Spice beats chemo: Study reveals turmeric is more effective at killing cancer cells than chemo or radiation

The mere mention of cancer strikes fear in the hearts of many people, and rightfully so. Having certain types of cancer often means you’ll be facing years of brutal treatments – if you’re lucky enough to live that long. Although it’s hard to imagine the disease could one day be considered non-threatening the way that many of the illnesses that used to kill people hundreds of years ago are viewed now, scientific breakthroughs like a recent study exploring turmeric’s effects on cancer cells are starting to give patients some hope.

This ancient Indian spice has been the subject of many studies in recent years as it continues to demonstrate its strength when it comes to fighting and preventing a host of diseases. Its inflammation-fighting properties are already well documented, and now a study published in Anticancer Research provides a comprehensive view of how the primary polyphenol in turmeric extract can selectivity kill cancer stem cells safely in ways that put radiation and chemotherapy to shame.

Many natural cures are valued for their simplicity, but turmeric is surprisingly complex in the way it fights cancer. It uses multiple molecular mechanisms to attack cancer stem cells, which are responsible for producing the cells in tumors. These stem cells resist chemotherapy and radiation, and surgery can sometimes even cause them to spread, which is why they’re often behind conventional treatment failures and tumor recurrence.

One aspect of curcumin’s intelligent approach is its ability to downregulate interleukin-6. The over-expression of this cytokine has been linked to inflammation progressing to cancer, and curcumin stops it from being released and stimulating cancer stem cells. It also directly and indirectly downregulates interleukin-1, which plays a vital role in the growth of cancer cells, and interleukin-8, which stimulates the regrowth of tumor-forming cancer stem cells.

Another way curcumin can fight cancer is by decreasing the binding of CXCR1 and CXCR2 and modulating pathways like the Wnt Signaling Pathway, the Notch Pathway, the FAK/AKT/FOXo3A Pathway, and the Hedgehog Pathways. If those terms are unfamiliar to you, you’re not alone – cancer is a complicated disease, but the bottom line is that curcumin targets deadly cancer stem cells in eight different and very powerful ways. (Related: Science journal confirms eating turmeric cured myeloma cancer in 57-year-old woman.)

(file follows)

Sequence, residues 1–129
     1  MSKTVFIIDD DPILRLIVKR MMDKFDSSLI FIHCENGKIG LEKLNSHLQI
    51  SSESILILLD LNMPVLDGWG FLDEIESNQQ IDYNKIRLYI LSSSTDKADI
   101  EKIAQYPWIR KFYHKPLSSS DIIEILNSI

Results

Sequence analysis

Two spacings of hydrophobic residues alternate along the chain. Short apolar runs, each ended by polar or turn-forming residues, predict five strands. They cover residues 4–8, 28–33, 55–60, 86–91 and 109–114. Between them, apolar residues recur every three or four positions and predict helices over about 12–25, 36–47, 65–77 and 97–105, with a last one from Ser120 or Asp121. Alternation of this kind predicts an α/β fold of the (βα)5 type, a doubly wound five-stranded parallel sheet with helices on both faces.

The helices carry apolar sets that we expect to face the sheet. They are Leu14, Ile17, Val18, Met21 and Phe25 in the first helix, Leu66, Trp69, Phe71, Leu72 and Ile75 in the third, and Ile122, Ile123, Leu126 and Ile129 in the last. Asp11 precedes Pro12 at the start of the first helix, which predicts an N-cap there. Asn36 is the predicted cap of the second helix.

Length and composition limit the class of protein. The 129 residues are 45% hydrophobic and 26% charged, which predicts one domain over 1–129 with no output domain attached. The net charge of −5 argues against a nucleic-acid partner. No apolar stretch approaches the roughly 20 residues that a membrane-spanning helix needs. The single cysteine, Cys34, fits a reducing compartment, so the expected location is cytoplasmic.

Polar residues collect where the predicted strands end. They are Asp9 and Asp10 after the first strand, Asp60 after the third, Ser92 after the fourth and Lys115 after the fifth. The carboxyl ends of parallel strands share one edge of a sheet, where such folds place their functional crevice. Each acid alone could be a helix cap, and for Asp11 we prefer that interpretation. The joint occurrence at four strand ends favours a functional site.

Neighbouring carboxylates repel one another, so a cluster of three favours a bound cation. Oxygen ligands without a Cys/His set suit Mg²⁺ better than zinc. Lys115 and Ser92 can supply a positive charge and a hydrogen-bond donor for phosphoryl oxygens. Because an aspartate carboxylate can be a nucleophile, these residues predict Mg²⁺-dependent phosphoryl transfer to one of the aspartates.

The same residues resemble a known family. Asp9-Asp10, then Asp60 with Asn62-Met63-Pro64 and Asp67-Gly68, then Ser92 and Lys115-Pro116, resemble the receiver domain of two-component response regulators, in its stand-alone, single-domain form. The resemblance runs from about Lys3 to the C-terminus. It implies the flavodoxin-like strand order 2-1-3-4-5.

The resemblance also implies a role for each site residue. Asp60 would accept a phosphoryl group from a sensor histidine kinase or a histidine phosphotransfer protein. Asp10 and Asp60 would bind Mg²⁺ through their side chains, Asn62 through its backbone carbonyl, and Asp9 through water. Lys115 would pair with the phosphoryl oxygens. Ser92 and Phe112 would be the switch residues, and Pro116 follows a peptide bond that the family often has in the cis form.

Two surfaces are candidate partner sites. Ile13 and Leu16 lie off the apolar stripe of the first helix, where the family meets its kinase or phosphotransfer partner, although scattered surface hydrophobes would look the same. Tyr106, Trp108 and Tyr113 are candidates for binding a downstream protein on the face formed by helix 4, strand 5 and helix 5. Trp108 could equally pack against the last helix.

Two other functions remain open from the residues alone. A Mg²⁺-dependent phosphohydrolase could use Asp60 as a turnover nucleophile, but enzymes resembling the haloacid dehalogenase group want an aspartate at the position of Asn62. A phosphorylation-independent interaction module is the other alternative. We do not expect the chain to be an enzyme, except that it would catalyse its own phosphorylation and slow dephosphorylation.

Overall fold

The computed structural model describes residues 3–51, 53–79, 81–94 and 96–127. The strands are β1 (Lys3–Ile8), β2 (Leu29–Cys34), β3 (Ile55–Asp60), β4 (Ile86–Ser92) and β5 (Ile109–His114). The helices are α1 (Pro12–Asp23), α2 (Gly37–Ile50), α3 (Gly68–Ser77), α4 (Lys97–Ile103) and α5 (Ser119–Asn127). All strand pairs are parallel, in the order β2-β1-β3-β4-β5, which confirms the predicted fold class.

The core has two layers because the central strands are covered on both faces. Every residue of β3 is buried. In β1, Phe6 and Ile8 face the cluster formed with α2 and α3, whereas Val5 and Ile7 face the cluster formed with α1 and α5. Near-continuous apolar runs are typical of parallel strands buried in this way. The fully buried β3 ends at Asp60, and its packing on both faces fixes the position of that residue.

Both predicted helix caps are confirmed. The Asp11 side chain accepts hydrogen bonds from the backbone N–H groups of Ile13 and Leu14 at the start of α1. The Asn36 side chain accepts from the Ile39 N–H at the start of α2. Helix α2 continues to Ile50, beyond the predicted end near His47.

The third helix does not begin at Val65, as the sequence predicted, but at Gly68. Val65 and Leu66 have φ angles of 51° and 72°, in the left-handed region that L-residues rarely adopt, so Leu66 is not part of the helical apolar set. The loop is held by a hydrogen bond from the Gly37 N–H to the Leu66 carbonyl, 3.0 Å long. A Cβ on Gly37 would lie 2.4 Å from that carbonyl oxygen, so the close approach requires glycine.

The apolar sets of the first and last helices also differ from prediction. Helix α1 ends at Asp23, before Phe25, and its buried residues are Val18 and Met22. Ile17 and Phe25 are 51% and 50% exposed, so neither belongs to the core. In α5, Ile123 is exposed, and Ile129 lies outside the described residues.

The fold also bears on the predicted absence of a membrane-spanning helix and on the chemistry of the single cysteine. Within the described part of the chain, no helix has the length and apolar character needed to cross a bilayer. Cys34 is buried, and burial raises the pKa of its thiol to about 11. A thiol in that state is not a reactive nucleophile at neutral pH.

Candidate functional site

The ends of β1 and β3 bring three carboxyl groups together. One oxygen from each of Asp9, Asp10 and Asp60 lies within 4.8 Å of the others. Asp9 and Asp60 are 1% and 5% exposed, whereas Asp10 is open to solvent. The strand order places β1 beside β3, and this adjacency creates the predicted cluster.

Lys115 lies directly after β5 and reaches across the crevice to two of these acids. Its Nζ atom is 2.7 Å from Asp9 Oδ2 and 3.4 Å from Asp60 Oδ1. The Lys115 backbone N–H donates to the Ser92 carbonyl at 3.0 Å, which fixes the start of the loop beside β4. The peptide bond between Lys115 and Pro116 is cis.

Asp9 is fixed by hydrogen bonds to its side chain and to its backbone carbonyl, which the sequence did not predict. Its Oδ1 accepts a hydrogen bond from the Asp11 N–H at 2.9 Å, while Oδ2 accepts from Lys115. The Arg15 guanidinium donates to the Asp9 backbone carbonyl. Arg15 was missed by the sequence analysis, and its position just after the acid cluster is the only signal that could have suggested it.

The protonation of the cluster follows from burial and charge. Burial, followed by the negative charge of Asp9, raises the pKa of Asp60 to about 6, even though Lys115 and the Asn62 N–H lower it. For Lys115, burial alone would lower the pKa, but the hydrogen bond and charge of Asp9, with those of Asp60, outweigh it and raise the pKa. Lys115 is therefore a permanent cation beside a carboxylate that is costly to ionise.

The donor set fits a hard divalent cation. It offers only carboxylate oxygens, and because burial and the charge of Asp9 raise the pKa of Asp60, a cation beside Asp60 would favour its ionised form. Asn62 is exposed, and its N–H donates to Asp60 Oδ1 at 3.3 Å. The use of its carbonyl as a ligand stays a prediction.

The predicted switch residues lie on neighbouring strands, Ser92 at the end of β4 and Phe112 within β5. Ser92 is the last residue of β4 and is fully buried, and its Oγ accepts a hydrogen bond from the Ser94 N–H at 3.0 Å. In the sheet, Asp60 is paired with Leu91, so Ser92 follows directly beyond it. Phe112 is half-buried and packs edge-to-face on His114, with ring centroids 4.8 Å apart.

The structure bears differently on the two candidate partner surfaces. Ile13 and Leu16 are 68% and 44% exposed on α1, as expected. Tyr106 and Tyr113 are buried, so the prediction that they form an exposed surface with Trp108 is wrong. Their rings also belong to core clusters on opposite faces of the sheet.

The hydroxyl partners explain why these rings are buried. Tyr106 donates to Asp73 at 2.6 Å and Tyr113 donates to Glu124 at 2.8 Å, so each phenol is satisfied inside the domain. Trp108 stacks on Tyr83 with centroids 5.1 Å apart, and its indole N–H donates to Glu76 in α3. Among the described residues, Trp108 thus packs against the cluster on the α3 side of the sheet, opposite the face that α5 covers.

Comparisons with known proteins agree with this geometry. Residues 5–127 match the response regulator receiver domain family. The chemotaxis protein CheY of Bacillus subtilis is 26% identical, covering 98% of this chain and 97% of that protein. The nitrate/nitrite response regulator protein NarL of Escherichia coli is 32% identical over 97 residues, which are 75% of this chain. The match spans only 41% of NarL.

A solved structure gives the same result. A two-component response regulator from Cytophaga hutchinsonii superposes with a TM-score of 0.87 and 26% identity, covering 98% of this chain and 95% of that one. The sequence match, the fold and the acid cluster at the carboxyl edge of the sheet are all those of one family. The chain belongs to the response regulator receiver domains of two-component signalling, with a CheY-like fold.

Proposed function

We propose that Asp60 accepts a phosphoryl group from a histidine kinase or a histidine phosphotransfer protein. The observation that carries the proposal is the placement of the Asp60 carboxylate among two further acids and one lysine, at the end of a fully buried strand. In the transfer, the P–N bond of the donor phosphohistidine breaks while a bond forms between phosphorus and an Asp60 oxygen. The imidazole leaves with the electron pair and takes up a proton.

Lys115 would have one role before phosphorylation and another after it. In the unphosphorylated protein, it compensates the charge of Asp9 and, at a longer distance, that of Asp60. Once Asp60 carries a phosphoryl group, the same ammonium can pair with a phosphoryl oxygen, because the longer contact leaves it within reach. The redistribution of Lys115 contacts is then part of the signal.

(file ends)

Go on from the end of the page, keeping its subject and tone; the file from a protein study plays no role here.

Curcumin leaves healthy cells alone

Curcumin is a very efficient cancer fighter, targeting the most dangerous cells of all, cancer stem cells, without touching normal cells. Contrast this with chemotherapy, which damages the DNA of quickly-replicating cells while they’re vulnerable during the mitosis stage of cell division. It does this without determining if the cells are cancerous or completely healthy.

This is essential because normal stem cells are needed to maintain good health. They differentiate into the cells needed to replace those cells that become damaged or sick, and killing them is one of the biggest problems of chemotherapy and radiation.

Scientists aren’t exactly sure why curcumin doesn’t have these negative effects on normal stem cells. One possible explanation is that malignant cells simply take in more curcumin than normal cells do. It’s also possible that curcumin encourages cancer stem cells to differentiate into more benign cells. Others theorize that it changes cells’ microenvironments in ways that benefit normal stem cells and harm cancer stem cells.

We might not yet know precisely how it works its magic, we do know that it can be very effective. Perhaps even more importantly, it’s very safe compared to the currently available cancer treatments. Curcumin has been safely used as a cooking spice in many cultures for hundreds of years, and it causes very few, if any, side effects in trials.

Scientists are still trying to determine the best ways to harness curcumin’s healing power as a cancer therapy and the amounts needed to safely make a difference, but in the meantime, you can enjoy some of the benefits on a smaller scale by adding this bright yellow spice to your cooking. Remember to use a bit of black pepper as well to boost its bioavailability, and stay on top of the latest curcumin research. It’s possible that cancer will eventually become a far less frightening prospect as researchers develop curcumin-based treatments for the disease.

Read Chemotherapy.news for more news coverage of alternatives to chemotherapy.

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